Legacy Reviews from the Early Days

HIPERFIRE triggers are novel by design. The unique look follows the definition of functional design, “it looks that way for what it does.”

I have a confession, I don’t shoot, well at least rarely. I am an engineer by training and I think like one. I am rather analytical, but I’m also very creative and have a good imagination. When I designed that trigger for the .50 caliber semi-auto rifle, I knew what the mechanical requirements had to be to strike and dimple hard primers for 100 % reliable ignition as well as have a light, tactical touch for long range marksmanship. I designed the trigger in 2003. In 2011 I modified it for the AR-15 and started HIPERFIRE. The rest is history.

The HIPERTOUCH Genesis was originally sold in 2011 as the 24 SP: 2-4 lbs of adjustable trigger weight employing three different toggle springs; SP for small-pin installation, not for large-pin COLT version lowers. I packaged the first 100 “production” run of those triggers myself from individually machined parts. In 2012 they sold in larger volumes, made from machined, investment-cast parts and renamed the HIPERTOUCH 24.

At SHOT SHOW 2013 a few people felt the trigger and made some suggestions, like “reduce the creep!” Later in 2012 I was able to reduce the creep without affecting safety. And, a friend asked if I ever thought of adding a shoe. I asked, “What’s a shoe.” Hmm, never thought of that. Well, after some thought, design, and stress analysis I decided the the shoe would be red and made from plastic! Those thoughts resulted in two more triggers.

In 2013 at the Rock Castle Pro Am 3-Gun competition I introduced the HIPERTOUCH 24E (elite) and the 24C (competition). The latter had that red shoe thingy. Friday a.m. when competitors were scouting out the tents they unanimously commented privately to their friends something along these lines, “Another trigger company selling a gimmick [the red shoe].” A few purchased based on the feel experienced during trial pulls on some table demo lowers.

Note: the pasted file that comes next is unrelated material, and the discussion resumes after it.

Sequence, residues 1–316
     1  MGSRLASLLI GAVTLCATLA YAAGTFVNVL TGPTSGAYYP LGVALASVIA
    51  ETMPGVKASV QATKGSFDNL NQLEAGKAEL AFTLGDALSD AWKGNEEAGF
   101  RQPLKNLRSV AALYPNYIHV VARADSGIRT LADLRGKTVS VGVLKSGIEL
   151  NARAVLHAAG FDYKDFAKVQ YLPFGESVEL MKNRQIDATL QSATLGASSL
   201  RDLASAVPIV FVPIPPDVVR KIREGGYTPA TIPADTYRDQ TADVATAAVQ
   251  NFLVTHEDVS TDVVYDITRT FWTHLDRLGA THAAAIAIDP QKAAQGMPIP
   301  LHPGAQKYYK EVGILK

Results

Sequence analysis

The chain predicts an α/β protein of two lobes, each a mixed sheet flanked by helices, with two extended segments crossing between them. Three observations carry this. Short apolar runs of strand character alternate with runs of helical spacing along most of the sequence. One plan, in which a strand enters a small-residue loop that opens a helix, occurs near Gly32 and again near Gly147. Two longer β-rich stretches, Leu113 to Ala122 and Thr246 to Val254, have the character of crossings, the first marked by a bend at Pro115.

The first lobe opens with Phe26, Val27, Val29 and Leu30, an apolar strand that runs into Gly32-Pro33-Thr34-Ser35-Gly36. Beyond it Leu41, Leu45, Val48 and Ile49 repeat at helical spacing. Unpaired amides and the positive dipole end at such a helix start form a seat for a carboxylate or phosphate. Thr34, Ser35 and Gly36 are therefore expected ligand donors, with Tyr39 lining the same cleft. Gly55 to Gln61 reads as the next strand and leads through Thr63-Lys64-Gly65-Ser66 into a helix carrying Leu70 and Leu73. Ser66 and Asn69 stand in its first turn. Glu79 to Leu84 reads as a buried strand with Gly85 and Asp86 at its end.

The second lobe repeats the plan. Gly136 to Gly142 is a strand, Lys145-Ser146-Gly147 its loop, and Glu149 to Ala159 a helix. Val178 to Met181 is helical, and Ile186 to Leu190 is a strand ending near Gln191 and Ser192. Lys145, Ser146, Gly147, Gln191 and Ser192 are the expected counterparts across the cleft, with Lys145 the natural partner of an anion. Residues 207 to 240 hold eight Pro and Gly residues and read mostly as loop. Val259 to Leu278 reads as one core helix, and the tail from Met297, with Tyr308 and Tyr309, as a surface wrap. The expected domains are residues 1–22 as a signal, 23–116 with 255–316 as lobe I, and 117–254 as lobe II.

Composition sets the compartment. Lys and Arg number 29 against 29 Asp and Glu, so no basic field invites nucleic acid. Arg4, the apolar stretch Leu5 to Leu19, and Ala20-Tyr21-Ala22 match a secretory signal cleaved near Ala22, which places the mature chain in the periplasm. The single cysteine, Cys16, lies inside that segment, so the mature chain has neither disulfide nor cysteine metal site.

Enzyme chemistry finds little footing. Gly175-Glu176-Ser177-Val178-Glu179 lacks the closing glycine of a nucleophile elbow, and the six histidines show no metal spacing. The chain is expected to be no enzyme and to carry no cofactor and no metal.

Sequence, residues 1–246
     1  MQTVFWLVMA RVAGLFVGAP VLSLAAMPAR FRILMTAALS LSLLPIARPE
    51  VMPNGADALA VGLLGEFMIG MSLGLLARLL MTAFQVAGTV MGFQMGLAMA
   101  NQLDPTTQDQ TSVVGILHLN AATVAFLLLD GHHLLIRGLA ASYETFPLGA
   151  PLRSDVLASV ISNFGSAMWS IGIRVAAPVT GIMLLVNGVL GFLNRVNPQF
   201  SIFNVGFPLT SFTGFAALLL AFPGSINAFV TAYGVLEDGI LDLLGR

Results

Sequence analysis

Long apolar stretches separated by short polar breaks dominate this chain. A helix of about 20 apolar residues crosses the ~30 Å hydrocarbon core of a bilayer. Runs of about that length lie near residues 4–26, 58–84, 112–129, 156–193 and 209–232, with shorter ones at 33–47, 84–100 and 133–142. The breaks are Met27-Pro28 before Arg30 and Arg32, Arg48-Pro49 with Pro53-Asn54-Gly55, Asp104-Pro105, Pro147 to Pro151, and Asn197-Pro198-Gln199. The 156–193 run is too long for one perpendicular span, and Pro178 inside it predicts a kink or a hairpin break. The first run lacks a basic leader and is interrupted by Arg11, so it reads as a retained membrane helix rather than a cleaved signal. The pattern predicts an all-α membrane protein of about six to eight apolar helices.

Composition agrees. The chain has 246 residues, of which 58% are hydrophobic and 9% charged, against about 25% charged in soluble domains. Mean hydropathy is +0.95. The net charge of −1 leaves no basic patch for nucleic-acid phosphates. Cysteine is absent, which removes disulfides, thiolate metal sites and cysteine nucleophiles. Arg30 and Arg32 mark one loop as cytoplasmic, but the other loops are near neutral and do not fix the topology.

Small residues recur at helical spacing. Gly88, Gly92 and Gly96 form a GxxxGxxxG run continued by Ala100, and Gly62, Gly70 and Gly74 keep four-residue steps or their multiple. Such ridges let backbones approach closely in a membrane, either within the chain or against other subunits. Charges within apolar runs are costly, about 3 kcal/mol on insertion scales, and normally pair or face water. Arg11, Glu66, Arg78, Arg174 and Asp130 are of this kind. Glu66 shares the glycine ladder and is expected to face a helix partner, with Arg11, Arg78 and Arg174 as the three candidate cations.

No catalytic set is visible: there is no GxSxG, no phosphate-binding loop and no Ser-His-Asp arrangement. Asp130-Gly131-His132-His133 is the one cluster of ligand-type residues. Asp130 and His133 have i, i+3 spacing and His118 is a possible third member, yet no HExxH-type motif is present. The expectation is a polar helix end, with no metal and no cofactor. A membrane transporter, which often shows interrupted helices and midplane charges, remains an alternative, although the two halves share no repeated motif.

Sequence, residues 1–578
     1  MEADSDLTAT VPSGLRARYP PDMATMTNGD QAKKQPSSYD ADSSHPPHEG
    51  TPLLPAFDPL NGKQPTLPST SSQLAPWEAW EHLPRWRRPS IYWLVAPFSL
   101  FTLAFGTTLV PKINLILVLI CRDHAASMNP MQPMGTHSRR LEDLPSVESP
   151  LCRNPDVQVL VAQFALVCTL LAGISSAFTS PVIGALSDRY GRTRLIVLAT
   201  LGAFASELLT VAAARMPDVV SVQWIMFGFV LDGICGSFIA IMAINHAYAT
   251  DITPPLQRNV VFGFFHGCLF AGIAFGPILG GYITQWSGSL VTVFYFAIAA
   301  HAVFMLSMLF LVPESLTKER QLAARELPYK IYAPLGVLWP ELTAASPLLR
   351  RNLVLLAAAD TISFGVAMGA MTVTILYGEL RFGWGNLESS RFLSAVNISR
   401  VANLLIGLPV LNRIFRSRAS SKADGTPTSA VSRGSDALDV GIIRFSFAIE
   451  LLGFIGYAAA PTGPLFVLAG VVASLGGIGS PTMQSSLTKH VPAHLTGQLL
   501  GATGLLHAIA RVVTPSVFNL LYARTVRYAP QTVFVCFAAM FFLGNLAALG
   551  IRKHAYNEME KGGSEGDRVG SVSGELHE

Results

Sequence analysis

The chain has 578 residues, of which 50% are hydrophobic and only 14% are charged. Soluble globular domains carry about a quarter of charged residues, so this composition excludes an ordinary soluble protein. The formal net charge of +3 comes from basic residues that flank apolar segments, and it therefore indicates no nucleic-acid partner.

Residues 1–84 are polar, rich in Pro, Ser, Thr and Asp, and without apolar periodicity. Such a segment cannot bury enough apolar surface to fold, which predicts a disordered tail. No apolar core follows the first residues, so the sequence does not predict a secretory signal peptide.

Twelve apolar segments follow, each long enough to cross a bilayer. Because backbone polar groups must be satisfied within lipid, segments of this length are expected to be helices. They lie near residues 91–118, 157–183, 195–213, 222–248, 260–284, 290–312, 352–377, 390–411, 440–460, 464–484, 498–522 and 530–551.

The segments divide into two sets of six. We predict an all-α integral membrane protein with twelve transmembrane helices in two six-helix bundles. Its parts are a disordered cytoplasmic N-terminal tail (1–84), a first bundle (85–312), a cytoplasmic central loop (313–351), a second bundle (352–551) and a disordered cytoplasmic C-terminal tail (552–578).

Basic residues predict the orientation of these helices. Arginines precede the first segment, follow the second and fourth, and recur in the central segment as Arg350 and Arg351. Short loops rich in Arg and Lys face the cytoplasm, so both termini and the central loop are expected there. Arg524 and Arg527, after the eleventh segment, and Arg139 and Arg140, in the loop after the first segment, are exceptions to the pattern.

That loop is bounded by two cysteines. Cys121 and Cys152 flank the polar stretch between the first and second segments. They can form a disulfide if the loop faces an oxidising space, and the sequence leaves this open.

Well, after the morning stages, there was no more talk about the gimmicky red shoe, but, “Where’s that trigger.” The buzz had started all right. I sold out of the stock I brought with me. Since then, the story has not changed. In fact, I’ve had many people approach me to say that the gimmicky red shoe was genius. That red shoe changed 3-gun. Yes, red sells. But, for me the engineer, “It looks like what it does.” What does it do? If spreads the applied trigger force over a larger area on the finger than without it. Translation: same pull force, more area, means less felt pressure. The trigger is more responsive. Instead of pressing a dent in your trigger finger’s flesh, the trigger moves with seemingly much less effort.

I don’t know if any of this makes sense to you. We all have our own way of describing phenomena. I’ve linked below some early reviews of mostly triggers. Read how reviewers apply their analytics. Said in different ways, it boils down: WOW!

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2014 Genesis Elite Competition FOUR GUYS GUNS Article

2014 Competition SpartanTC81 Reviews Video

2014 Elite 8541 Tactical Article

2014 Competition WE LIKE SHOOTING Video Article

2014 Competition 3 GUN NATION Article

2014 Adams Arms COR Rifle DEFENSE REVIEW Video

2014 Ghost Gun Pistol Build SpartanTC Reviews Article

2014 Competition Genesis Elite BOOK OF THE AR-15 Article

2014 Competition TX Arms Article

2014 AR15 .22 LR Build MAJOR PANDEMIC Article


2015 Genesis JUNIOR SHOOTERS Article


2015 Genesis GEAR REPORT Article

2015 Elite GEAR REPORT Article


2015 Competition Lena Miculek Video

2015 Reflex GEAR REPORT Article

2015 Competition GEAR REPORT Article

2015 Custom 300 Blackout MAJOR PANDEMIC Article




2015 HIPERTOUCH Triggers RANGE HOT Article

2015 ECLipse GUNS & AMMO Article

2015 ECLipse DEFENSE REVIEW Article

2015 Elite MAJOR PANDEMIC Article


2015 ECLipse DM MAJOR PANDEMIC Article